The issue of improper Medicaid payments has surfaced after an audit of North Carolina’s Department of Health and Human Services (DHHS) revealed that the department failed to properly conduct Medicaid provider credentials verifications and other key measures. The irregularity reported is to the tune of $ 1.64 million dollars, with thousands of patients got treatment by suspended providers as DHHS failed to see only qualified providers received reimbursement.
- According to audit, the NC Department of Health and Human Services’ (Department) Division of Health Benefits (Division) is responsible for screening and enrolling Medicaid providers in accordance with CMS requirements. The Division outsources most of the provider enrollment process to General Dynamics Information Technology – GDIT (Contractor), although the Division has ultimate responsibility.
- The process involved sampling provider applications for Medicaid enrollment and applications for re-verification and conducting tests on disciplined providers who should have been removed from Medicaid enrollment.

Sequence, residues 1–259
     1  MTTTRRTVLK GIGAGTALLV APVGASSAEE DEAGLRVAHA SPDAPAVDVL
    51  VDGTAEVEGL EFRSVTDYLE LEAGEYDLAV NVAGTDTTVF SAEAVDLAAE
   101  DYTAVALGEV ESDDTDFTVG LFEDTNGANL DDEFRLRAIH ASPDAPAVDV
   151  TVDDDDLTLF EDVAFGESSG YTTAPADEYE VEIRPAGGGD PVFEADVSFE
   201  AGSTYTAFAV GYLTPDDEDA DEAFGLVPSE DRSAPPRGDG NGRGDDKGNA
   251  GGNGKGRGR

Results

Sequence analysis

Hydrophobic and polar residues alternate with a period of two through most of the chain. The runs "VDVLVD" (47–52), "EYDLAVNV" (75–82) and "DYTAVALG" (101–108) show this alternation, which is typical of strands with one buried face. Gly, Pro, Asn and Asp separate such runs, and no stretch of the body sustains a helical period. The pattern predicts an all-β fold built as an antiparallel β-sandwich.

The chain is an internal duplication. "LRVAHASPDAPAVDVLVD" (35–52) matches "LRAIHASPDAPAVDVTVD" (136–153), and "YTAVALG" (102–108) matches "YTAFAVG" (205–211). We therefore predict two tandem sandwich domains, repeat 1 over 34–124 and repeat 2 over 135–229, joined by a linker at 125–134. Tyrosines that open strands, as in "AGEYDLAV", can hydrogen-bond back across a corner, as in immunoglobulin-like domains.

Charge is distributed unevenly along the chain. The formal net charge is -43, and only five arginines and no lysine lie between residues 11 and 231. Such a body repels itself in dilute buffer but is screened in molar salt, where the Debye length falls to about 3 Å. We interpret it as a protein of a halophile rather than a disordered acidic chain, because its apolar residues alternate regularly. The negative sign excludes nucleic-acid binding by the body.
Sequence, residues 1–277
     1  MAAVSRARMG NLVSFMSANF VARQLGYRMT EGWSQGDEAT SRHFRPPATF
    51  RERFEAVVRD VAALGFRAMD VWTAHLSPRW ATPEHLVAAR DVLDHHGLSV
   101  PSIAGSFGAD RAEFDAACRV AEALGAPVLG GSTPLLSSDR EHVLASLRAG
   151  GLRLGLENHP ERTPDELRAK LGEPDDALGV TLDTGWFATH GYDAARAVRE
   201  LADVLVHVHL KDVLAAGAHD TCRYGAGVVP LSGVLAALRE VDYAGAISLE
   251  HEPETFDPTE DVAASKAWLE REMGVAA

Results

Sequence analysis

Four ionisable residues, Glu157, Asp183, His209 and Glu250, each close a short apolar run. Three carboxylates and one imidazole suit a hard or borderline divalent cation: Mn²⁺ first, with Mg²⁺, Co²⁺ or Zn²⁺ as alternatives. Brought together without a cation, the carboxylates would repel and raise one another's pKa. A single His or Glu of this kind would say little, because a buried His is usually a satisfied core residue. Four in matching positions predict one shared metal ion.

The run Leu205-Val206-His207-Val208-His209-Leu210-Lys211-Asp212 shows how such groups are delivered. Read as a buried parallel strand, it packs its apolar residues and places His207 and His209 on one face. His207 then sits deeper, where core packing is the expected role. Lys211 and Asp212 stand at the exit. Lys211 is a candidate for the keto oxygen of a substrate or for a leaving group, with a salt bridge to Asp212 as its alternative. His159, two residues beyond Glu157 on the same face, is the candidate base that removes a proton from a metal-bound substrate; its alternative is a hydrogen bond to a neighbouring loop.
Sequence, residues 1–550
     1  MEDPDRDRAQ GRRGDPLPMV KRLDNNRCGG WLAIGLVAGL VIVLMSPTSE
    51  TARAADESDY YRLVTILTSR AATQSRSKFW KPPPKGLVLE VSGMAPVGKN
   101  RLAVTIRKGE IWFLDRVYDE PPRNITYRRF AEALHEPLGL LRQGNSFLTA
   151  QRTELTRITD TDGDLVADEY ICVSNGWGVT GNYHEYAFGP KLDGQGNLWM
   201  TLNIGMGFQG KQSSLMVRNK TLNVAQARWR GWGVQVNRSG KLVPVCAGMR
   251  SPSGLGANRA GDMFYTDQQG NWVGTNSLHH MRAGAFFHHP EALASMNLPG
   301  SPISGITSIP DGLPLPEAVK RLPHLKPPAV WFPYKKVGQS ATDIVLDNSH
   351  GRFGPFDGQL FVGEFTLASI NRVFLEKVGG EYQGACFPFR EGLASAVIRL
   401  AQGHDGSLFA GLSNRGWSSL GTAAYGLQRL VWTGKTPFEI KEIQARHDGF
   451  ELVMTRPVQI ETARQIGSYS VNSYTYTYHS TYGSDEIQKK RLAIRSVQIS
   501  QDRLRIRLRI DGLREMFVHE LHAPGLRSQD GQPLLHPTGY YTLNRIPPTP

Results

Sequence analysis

- “Because of the test nature and other inherent limitations of an audit, together with limitations of any system of internal and management controls, this audit would not necessarily disclose all performance weaknesses or lack of compliance,” the report noted.
- The report identified four major areas in which the DHHS failed to ensure that only qualified providers were receiving Medicaid reimbursement. In some cases the providers whose licenses had been suspended or terminated, The department also permitted providers who had license limitations to continue receiving payments from Medicaid. While third party failed to re-verify the credentials and the Department could not follow their work.
- More specifically, 69 percent of the sampled providers that had been disciplined (18 providers) were not removed from the Medicaid program, meaning that they could continue to deliver care to beneficiaries and receive Medicaid reimbursement. Three disciplined providers were not removed in a timely fashion, with the DHHS waiting months before removing disciplined providers from Medicaid enrollment in two separate cases.
- As a result, around 2,400 beneficiaries received care from suspended or terminated providers, placing patients at risk. The North Carolina Medicaid program paid out at least $1.64 million to unlicensed providers.